Shana Frost Matini, an attorney for the D.C. attorney general’s office, which is representing the defendants, agreed that imprisoning an innocent person for decades was among the worst things police could do short of killing him.
However, she said, any police mistakes were made because now-retired detectives Ronald S. Taylor and Norman Brooks and lieutenant John Harlow followed evidence in good faith.
“The evidence will show it is not these three police officers that caused the tragedy in this case,” Frost Matini said. Instead, the D.C. attorneys blamed a flawed FBI hair “match.”
Gates was exonerated in 2009 through DNA testing. He filed suit the next year, later learning that federal prosecutors found the real killer in 2012 after tracing genetic evidence at the scene to a convicted offender and temporary janitor at the Watergate who had died in 2011.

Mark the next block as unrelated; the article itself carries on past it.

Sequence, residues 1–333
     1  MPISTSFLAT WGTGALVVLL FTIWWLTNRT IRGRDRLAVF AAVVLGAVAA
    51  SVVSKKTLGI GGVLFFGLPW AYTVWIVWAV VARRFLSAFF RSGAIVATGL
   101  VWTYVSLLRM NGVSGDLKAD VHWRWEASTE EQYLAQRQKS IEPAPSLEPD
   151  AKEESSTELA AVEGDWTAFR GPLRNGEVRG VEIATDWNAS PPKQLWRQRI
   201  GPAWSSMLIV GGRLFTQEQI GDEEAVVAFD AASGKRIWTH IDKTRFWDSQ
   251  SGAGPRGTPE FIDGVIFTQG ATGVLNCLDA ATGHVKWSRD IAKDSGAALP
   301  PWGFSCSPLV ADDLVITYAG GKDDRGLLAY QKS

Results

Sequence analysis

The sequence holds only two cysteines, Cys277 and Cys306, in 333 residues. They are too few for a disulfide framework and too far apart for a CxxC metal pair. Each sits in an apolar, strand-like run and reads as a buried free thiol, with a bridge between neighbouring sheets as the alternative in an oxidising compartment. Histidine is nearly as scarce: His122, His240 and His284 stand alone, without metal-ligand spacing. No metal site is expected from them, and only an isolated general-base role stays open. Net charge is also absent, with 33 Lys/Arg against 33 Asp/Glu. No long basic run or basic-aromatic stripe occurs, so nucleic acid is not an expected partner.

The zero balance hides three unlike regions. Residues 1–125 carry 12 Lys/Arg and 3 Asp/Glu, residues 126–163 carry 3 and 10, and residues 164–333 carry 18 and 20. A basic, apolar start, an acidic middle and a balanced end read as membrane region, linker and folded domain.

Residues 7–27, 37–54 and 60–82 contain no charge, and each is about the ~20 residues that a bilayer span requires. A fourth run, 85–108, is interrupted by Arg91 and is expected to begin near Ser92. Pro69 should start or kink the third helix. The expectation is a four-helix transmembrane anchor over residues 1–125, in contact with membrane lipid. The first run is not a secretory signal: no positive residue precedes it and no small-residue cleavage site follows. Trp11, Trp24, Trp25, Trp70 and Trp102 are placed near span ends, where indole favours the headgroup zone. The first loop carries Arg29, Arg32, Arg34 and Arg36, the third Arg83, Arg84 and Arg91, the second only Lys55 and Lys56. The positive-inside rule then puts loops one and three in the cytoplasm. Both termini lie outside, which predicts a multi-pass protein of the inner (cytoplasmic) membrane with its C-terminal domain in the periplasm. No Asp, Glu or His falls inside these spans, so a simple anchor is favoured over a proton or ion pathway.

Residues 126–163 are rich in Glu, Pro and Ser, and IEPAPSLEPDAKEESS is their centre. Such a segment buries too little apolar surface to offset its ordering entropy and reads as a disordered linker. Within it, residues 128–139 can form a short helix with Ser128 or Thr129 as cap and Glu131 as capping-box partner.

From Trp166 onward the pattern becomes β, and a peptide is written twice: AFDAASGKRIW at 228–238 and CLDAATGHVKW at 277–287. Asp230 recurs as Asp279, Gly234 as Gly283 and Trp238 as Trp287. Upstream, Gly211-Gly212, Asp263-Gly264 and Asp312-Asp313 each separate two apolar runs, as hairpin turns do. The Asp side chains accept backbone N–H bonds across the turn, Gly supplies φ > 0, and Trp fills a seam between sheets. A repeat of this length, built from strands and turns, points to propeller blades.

Although it was not part of this month’s trial, Gates’s innocence triggered investigations that led to exonerations of four additional men in the District who had served up to 30 years for rape or murder since the 1980s based on flawed FBI forensic testimony about hairs.
The FBI in April acknowledged that for more than 20 years before 2000, nearly every member of an elite FBI forensic unit overreached by testifying to the near-certainty of hair matches without a scientific basis. Defendants are now being notified.
However beneficial Gates’s exoneration has been to others, he would not have been prosecuted if not for the police informer’s account, according to testimony last week from the original prosecutor, J. Brooks Harrington.
Revisiting the circumstances of Gates’s conviction triggered strong emotions at trial.